Writing techniques that don’t work anymore

Writing styles change over time. A platitude, I know; but what isn’t a platitude (it’s merely boring to many people) are the particular ways that the culture changes readers’ expectations, which in turn changes how one must write.

What am I on about? Well, I realized recently that there are at least three things you can’t do anymore: misquotation, mixed metaphors and malapropisms.

I know this because I gave a friend one of my short stories to read over. One of my characters mixes metaphors (though not Yogi Berra like), misquotes poetic verse and so forth. My “beta reader,” being a bit of a poet himself, corrects all the “mistakes” I supposedly made—and so politely to boot! He even seemed embarrassed, telling me about my “errors” like a kindly teacher addressing a pupil.

Now, before you suggest it was bad technique on my part, or ignorance on his, I’ll tell you that the genre of the piece was an old-fashioned one, and that the writers who used it did this sort of thing all the time; it was par for the course. And he’s no slouch when it comes to literature—he teaches it. Yet he automatically assumed that these must have been mistakes.

That’s when it dawned on me. The shedding of editors from traditional publishing houses and the rise of indie publishing has changed reader’s expectations. They no longer default to the assumption that the “mistake” was the character’s, and that it might say something about the character, they now simply assume it must have been the writer’s. So when the indie tries to do something original (or old fashioned in this case), he’s assumed to be incompetent. This may not bode well.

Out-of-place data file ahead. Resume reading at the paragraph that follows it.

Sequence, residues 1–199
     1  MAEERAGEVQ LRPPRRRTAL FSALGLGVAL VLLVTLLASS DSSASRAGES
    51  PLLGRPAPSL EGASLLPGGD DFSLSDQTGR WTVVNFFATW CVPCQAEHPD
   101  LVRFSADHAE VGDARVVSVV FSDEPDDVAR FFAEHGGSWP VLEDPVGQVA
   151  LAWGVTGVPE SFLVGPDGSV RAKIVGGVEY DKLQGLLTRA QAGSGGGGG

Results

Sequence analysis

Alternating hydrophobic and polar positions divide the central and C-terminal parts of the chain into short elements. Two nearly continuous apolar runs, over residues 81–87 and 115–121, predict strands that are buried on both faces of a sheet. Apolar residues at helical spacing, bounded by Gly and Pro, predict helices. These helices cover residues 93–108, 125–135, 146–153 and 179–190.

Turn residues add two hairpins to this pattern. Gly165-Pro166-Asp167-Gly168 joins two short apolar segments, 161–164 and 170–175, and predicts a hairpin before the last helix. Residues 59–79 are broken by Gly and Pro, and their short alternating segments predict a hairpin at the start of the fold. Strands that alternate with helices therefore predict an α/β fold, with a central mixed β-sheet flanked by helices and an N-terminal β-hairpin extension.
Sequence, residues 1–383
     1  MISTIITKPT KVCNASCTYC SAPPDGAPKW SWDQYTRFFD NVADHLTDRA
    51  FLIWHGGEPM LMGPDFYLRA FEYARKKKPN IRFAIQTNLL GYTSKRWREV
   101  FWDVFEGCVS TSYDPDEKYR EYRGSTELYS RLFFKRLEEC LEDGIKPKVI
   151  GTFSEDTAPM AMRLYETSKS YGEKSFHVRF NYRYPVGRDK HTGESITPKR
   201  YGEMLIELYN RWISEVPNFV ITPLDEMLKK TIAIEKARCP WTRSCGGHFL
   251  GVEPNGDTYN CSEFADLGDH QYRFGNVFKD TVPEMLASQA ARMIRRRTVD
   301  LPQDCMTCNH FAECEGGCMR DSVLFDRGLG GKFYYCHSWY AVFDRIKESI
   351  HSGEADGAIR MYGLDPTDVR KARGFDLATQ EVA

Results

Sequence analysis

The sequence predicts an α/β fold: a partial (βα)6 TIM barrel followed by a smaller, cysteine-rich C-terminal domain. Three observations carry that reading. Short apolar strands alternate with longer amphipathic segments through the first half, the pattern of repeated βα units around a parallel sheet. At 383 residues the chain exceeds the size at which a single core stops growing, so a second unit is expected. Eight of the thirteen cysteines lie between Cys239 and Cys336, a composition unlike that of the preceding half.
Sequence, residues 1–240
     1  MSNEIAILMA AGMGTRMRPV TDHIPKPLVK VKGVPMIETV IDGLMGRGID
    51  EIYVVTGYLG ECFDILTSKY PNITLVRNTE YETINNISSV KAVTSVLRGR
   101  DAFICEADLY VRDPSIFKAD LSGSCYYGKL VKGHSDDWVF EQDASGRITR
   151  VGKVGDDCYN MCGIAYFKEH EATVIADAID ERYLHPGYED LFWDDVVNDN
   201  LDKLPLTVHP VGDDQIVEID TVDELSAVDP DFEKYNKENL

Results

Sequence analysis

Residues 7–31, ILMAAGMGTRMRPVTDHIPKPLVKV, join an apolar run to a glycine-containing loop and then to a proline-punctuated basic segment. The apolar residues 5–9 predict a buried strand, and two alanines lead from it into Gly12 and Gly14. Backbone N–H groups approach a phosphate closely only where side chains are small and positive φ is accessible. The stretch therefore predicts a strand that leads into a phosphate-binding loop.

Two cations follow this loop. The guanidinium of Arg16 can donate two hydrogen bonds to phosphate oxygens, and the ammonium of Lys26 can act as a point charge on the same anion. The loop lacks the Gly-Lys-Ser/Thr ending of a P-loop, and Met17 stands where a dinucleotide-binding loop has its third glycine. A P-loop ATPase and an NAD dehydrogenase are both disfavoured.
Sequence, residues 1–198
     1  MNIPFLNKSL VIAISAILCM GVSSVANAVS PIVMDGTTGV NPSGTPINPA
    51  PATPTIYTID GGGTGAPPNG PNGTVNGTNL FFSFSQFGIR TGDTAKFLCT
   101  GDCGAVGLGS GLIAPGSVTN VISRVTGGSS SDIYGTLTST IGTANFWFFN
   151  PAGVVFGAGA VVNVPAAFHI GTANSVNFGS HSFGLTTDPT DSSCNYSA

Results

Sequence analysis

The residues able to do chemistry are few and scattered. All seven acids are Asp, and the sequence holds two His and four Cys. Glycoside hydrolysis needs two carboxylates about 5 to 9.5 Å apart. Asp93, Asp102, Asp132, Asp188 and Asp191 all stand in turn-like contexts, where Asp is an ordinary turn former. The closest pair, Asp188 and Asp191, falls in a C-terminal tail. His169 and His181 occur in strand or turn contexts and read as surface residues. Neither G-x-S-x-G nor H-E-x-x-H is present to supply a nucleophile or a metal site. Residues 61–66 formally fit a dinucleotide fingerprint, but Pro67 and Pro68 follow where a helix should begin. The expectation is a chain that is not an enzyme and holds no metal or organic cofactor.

Anyway, I’ve been trying to think of other techniques that won’t work anymore, though not just because of the present situation; I mean things that won’t work in contemporary times in general for a blog I’m planning. I’ve come up short so far because I’m trying too hard. But surely some of you have some ideas.

(By the way, if you’re thinking of saying I should have had another character point out the character’s linguistic gymnastics, let me pre-emptively respond by saying I could have, but it would have spoiled discovery.)

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